- the language, especially the vocabulary, peculiar to a particular trade, profession, or group: medical jargon.
- unintelligible or meaningless talk or writing; gibberish.
- any talk or writing that one does not understand.
- language that is characterized by uncommon or pretentious vocabulary and convoluted syntax and is often vague in meaning.
- to speak in or write jargon; jargonize.
Origin of jargon1
SynonymsSee more synonyms for jargon on Thesaurus.com
- a colorless to smoky gem variety of zircon.
Origin of jargon2
Examples from the Web for jargon
Above all, she felt, there was a more pressing need for it than ever before, with jargon steadily taking over the world.Will Jargon Be the Death of the English Language?
March 30, 2014
This piece of jargon is pretty common on mainstream movie sets: “director of photography,” or head cinematographer.Six Words That Mean Something VERY Different to Porn Stars
March 29, 2013
Next up, in the Mother of All Disasters trifecta, another deadly piece of jargon: liquefaction.Hurricane Sandy Will Be Dwarfed by an Earthquake
November 5, 2012
Elections make sense; central-bank announcements replete with jargon, arcane policies, and acronyms do not stir souls.Mario Draghi May Become the Man Who Saved Europe—and the World
September 7, 2012
Koon: Buffed out is jargon that I have come to associate with very muscular.L.A. Riots Anniversary: Stacey Koon’s Disturbing Testimony
April 28, 2012
He knew the jargon of Liberty, the tune that set the patriots a-dancing.The Historical Nights' Entertainment
"Thieves' jargon--manufactured evidence," Lyttleton explained.Nobody
Louis Joseph Vance
His rambling, delirious utterances were a jargon of mixed tongues.Oswald Langdon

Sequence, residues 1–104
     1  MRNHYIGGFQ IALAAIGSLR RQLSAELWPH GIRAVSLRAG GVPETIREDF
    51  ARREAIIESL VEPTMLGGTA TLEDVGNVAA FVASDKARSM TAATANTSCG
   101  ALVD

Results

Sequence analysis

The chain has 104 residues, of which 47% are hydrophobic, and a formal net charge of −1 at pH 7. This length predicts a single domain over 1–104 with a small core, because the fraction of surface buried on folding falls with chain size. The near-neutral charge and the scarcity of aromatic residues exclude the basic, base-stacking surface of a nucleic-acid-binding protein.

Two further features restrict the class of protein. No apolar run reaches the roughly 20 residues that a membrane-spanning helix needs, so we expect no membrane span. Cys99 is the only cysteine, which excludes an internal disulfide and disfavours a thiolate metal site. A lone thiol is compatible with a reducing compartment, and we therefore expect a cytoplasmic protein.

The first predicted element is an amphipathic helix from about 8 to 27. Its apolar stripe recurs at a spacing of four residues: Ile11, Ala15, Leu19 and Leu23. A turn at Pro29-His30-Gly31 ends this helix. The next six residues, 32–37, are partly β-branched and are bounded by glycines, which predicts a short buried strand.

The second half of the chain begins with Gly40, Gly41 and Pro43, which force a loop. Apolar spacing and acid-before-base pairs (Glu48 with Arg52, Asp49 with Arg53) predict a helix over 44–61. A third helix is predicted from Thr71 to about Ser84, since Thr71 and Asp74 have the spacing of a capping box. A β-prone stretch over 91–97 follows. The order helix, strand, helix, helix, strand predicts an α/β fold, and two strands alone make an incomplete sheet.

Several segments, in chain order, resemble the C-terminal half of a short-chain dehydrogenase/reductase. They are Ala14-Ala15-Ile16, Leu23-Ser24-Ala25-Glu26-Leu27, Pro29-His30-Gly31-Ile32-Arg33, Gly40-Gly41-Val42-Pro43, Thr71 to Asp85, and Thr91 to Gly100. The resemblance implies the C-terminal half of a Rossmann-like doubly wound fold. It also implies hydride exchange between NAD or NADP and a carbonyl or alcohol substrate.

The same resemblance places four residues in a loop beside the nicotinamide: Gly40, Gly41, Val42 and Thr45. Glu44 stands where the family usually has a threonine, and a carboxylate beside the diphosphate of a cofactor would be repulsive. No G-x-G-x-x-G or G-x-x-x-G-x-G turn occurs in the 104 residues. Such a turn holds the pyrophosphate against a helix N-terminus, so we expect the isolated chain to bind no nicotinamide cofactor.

Carson Jay Lee
The question which I cannot solve is, On which of the Celtic languages is this jargon based?The Gypsies
Charles G. Leland
“Peut-être,” said she in her French jargon, vanishing into her chamber.Sir Ludar
Talbot Baines Reed
- specialized language concerned with a particular subject, culture, or profession
- language characterized by pretentious syntax, vocabulary, or meaning
- another word for pidgin
- (intr) to use or speak in jargon
- mineralogy rare a golden yellow, smoky, or colourless variety of zircon
Word Origin and History for jargon
mid-14c., "unintelligible talk, gibberish; chattering, jabbering," from Old French jargon "a chattering" (of birds), also "language, speech," especially "idle talk; thieves' Latin." Ultimately of echoic origin (cf. Latin garrire "to chatter," English gargle). Often applied to something the speaker does not understand, hence meaning "mode of speech full of unfamiliar terms" (1650s). Middle English also had it as a verb, jargounen "to chatter" (late 14c.), from French.
A special language belonging exclusively to a group, often a profession. Engineers, lawyers, doctors, tax analysts, and the like all use jargon to exchange complex information efficiently. Jargon is often unintelligible to those outside the group that uses it. For example, here is a passage from a computer manual with the jargon italicized: “The RZ887-x current loop interface allows the computer to use a centronics blocked duplex protocol.” (See slang.)